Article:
[Openstack-operators] [openstack-dev] [all] A proposal to separate the design summit

Tom Fifield tom at openstack.org
Tue Feb 23 11:20:54 UTC 2016

Hi ops (cc: devs),

I'm writing to you to let you know why I think Thierry's proposal is a 
good one that probably works better for us than the current situation.

The design summit for us at the moment isn't as good as it could be. You 
turn up, ready to contribute and help out developers with feedback and 
ideas, and get told either "that release is too old, we fixed that 
already" or "oh, we're already well into feature design, try next 
cycle?". It's frustrating for all involved.

A key aspect of this change is the shifting of the the release cycle 
(see the diagram from Thierry). The summit becomes situated a few months 
after the previous release, and right at the start of the planning cycle 
for the next next release.

As a result, the kind of sessions we expect developers to continue to 
host at the summit are exactly the kind we can make most difference in: 
gathering feedback from the previous release, discussing requirements 
for the next next release and cross-project planning and strategy.

In that other, "new" separate developer-oriented event, the plan is that 
the discussions are about the code, not the concepts. The "How" to do 
things that were already discussed at the summit. Unless you're a 
hardcore python folk, or have specific interest in the deep details of 
how something works, in theory there'd be nothing of there of interest.

So, I think that by re-tasking the summit time, I think we actually end 
up with much more relevance at the summit for ops. The details are to be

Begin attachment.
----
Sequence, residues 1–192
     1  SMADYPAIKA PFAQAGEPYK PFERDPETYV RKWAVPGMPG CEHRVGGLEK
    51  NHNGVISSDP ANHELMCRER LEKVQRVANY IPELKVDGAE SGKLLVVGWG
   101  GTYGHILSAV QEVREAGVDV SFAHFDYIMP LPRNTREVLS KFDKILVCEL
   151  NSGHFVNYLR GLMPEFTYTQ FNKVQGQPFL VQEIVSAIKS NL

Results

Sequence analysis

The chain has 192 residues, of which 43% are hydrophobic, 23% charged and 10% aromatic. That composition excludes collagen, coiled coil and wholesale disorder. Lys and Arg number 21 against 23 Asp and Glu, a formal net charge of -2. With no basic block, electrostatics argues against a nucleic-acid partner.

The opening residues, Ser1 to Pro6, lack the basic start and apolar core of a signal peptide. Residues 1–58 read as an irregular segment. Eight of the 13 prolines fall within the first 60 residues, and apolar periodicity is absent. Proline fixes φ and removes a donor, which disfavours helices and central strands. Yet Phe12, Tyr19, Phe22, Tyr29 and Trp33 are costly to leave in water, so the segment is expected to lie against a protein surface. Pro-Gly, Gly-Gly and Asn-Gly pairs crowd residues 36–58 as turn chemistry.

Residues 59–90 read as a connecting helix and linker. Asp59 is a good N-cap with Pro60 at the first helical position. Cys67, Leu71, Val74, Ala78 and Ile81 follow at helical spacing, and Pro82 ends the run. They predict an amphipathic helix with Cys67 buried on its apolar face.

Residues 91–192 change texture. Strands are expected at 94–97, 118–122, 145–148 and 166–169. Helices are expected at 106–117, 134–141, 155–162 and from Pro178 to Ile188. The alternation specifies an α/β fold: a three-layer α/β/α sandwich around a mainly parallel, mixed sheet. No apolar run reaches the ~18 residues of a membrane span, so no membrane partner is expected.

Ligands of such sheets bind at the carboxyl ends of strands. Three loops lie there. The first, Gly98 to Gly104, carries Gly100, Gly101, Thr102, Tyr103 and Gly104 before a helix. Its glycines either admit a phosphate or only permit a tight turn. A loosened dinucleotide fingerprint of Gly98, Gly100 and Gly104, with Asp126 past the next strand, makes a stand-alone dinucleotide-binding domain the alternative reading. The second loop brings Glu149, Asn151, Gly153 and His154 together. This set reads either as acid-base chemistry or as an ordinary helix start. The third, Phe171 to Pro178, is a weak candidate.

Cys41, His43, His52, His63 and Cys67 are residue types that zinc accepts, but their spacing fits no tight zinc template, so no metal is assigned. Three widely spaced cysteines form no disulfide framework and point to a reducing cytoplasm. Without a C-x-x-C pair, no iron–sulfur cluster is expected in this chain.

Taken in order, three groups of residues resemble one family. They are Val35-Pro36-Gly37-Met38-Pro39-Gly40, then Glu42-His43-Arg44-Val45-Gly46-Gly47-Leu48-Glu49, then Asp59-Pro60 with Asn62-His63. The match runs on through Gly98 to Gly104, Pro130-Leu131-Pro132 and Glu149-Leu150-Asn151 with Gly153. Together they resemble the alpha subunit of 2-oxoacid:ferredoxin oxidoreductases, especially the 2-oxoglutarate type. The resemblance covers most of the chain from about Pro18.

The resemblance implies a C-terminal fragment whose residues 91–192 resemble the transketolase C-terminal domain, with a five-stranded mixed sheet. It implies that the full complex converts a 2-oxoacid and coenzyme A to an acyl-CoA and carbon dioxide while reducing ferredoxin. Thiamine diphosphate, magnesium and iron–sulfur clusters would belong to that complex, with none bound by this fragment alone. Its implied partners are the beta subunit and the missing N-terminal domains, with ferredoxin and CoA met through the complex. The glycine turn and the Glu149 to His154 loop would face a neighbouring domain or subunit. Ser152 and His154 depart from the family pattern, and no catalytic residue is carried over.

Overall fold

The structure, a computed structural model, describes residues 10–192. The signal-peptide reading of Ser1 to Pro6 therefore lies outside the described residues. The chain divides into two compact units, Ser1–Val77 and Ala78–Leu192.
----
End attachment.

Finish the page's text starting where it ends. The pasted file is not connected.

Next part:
worked out in coming months, please participate on openstack-dev to 
ensure that we continue to achieve the "Open Design" goals of this project.

Finally, to answer one specific question:

Also where do the current operators design sessions and operators 
midcycle fit in here?

The changes in the proposal don't touch anything about the ops sessions 
at the design summit, or the ops events that happen during the cycle, 
unless you think its a good thing to do :) I have some ideas saved over 
from our last thread talking about those events, but will propose we 
move to a separate thread for this specifically to avoid drowning -dev ;)



On 22/02/16 23:14, Thierry Carrez wrote:
> Hi everyone,
> TL;DR: Let's split the events, starting after Barcelona.
> Long long version:
> In a global and virtual community, high-bandwidth face-to-face time is
> essential. This is why we made the OpenStack Design Summits an integral
> part of our processes from day 0. Those were set at the beginning of
> each of our development cycles to help set goals and organize the work
> for the upcoming 6 months. At the same time and in the same location, a
> more traditional conference was happening, ensuring a lot of interaction
> between the upstream (producers) and downstream (consumers) parts of our
> community.
> This setup, however, has a number of issues. For developers first: the
> "conference" part of the common event got bigger and bigger and it is
> difficult to focus on upstream work (and socially bond with your
> teammates) with so much other commitments and distractions. The result
> is that our design summits are a lot less productive than they used to
> be, and we organize other events ("midcycles") to fill our focus and
> small-group socialization needs. The timing of the event (a couple of
> weeks after the previous cycle release) is also suboptimal: it is way
> too late to gather any sort of requirements and priorities for the
> already-started new cycle, and also too late to do any sort of work
> planning (the cycle work started almost 2 months ago).
> But it's not just suboptimal for developers. For contributing companies,
> flying all their developers to expensive cities and conference hotels so
> that they can attend the Design Summit is pretty costly, and the goals
> of the summit location (reaching out to users everywhere) do not
> necessarily align with the goals of the Design Summit location (minimize
> and balance travel costs for existing contributors). For the companies
> that build products and distributions on top of the recent release, the
> timing of the common event is not so great either: it is difficult to
> show off products based on the recent release only two weeks after it's
> out. The summit date is also too early to leverage all the users
> attending the summit to gather feedback on the recent release -- not a